I have long since forgotten what my original idea was to introduce the gallery of photos (the views through the camera’s viewfinder). Not being able to write lightly I have written many pages of utter rubbish on my notebook about seeing and looking, of the parallel questions of ‘what is art?’ and ‘what is life?’ and the relative meaning of photographs as well as a few lines about the photograph as an empty sign and the camera as a loaded gun. I cannot deny my education but I cannot succumb to its creed either. I am at loss about how to articulate where this leaves me.
In Art School there are a few things one learns never to say about photography, one’s own or someone else’s. One of these things is that ‘the photographs speak for themselves’. There is no such a thing. That is however exactly what I am about to do; let the photographs speak for themselves.
Because I am clearly only repeating myself.
A link for the 'Through the lens' gallery can also be found in the sidebar.
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A few months ago I was walking around Chelsea, looking for photographs. Red brick buildings, mews, alley ways, antique shops, bakeries. It is very lovely in there. I cannot remember what I looked at when I realised that I was photographing wealth. In that split second I saw the problem with the archive I was collecting. I was photographing a dream, that quaint idea of London and Britishness. It was a reality for some but not for many. Certainly not for me although I was privileged enough to walk around there and enjoy it without an inch of jealousy or anger. In that split second I remembered what else I knew of London, what else I had seen. The struggle to have a life, the council estates (I live in one), the struggle between the classes. Poverty in many levels of human life and how London is trampled by capitalism and consumerism, in many levels. I am often overwhelmed and this was definitely a moment of being so.
I realised that I would have to photograph more widely. Council estates and their surroundings. The trouble with this subject matter is that they are always portrayed in the same way. Dead pan, straight frontal shots. If there are any people in the images they always look the same. They pose and do so defiantly or disinterestedly. They stare at the camera. There is always text with the images telling the story of its context from a critical point of view. The assumption is that if I photograph council estates I am making political art. But unlike photographers like Walker Evans who documented poverty in North America during the recession in the 1930’s and unlike Charles Dickens who wrote about the poverty in London more than a century ago, this kind of political art doesn’t raise awareness and therefore call for a change. It serves the gallery going crowd and at its worst only provides a point of intellectual and self-righteous discussion. That is my problem with most political art, that their subjects wouldn’t feel welcome in the art galleries. From this point of view I understand the Arts Council’s insistence of funding only art that reaches out to parts of the community who wouldn’t normally engage with the arts.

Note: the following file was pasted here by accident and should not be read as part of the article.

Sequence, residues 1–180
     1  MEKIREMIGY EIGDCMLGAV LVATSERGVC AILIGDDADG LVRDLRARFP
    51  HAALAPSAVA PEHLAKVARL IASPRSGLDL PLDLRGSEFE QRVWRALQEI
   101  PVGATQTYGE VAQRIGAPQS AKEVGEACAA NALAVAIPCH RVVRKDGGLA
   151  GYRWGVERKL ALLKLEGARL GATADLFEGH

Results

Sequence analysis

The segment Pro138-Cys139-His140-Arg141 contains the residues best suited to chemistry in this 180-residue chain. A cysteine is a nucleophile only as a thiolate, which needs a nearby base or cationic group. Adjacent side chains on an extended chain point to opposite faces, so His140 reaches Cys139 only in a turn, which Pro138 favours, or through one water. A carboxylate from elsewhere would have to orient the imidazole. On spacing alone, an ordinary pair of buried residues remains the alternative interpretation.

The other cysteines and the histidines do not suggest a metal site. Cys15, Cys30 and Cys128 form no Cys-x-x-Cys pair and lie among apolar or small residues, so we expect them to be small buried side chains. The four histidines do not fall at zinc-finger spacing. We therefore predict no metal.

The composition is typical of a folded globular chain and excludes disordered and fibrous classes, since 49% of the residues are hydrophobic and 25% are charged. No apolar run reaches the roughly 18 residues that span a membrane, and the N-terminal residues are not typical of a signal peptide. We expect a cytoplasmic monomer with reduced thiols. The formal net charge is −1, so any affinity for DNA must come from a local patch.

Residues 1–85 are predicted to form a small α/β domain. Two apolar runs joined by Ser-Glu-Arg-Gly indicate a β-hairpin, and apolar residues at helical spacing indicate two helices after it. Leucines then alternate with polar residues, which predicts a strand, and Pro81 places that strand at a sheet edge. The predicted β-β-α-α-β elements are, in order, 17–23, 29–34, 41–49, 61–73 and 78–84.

I however felt that I couldn’t exclude this part of London from this project. (I think that at this time I started calling it ‘a project’ instead of an archive.) I have to admit though that despite the zeal I feel for socialism I wasn’t particularly looking forward to a stroll in Plumstead with my camera. But I would betray myself if I didn’t. I decided to keep to my original guidelines of taking photographs of anything that appeals to me but think twice before the taking the shot. There is such freedom in that which makes my wanderings around the town so rewarding. I would photograph those council estates and such in the very same way I would photograph Notting Hill and Hampstead; in the quiet light of the morning and late afternoon. I would look for details and views that appeal to me. I would grant them the same privilege as I would to Knightsbridge and the City: to be considered only aesthetically. Corners, lines, texture, colours and light.
I don’t know how I got so tied into the pressure of making a certain kind of a series, far from the equality of the approach that I had envisioned. I didn’t even realise that I was so tied up until I got the rejection email from the Arts Council. I had had to write to them in a certain way and answer questions like ‘How does your art benefit the audience and what long-lasting effect will it have on them?’ Jeez. Despite my bewilderment and amusement towards the Arts Council I lost my original idea somewhere in there. I thought that I could bluff it, talk about my work in that particular way which was alien to me but still be true to my vision, as inarticulate as it often is. It turned out that I cannot. Words matter. Vocabulary matters.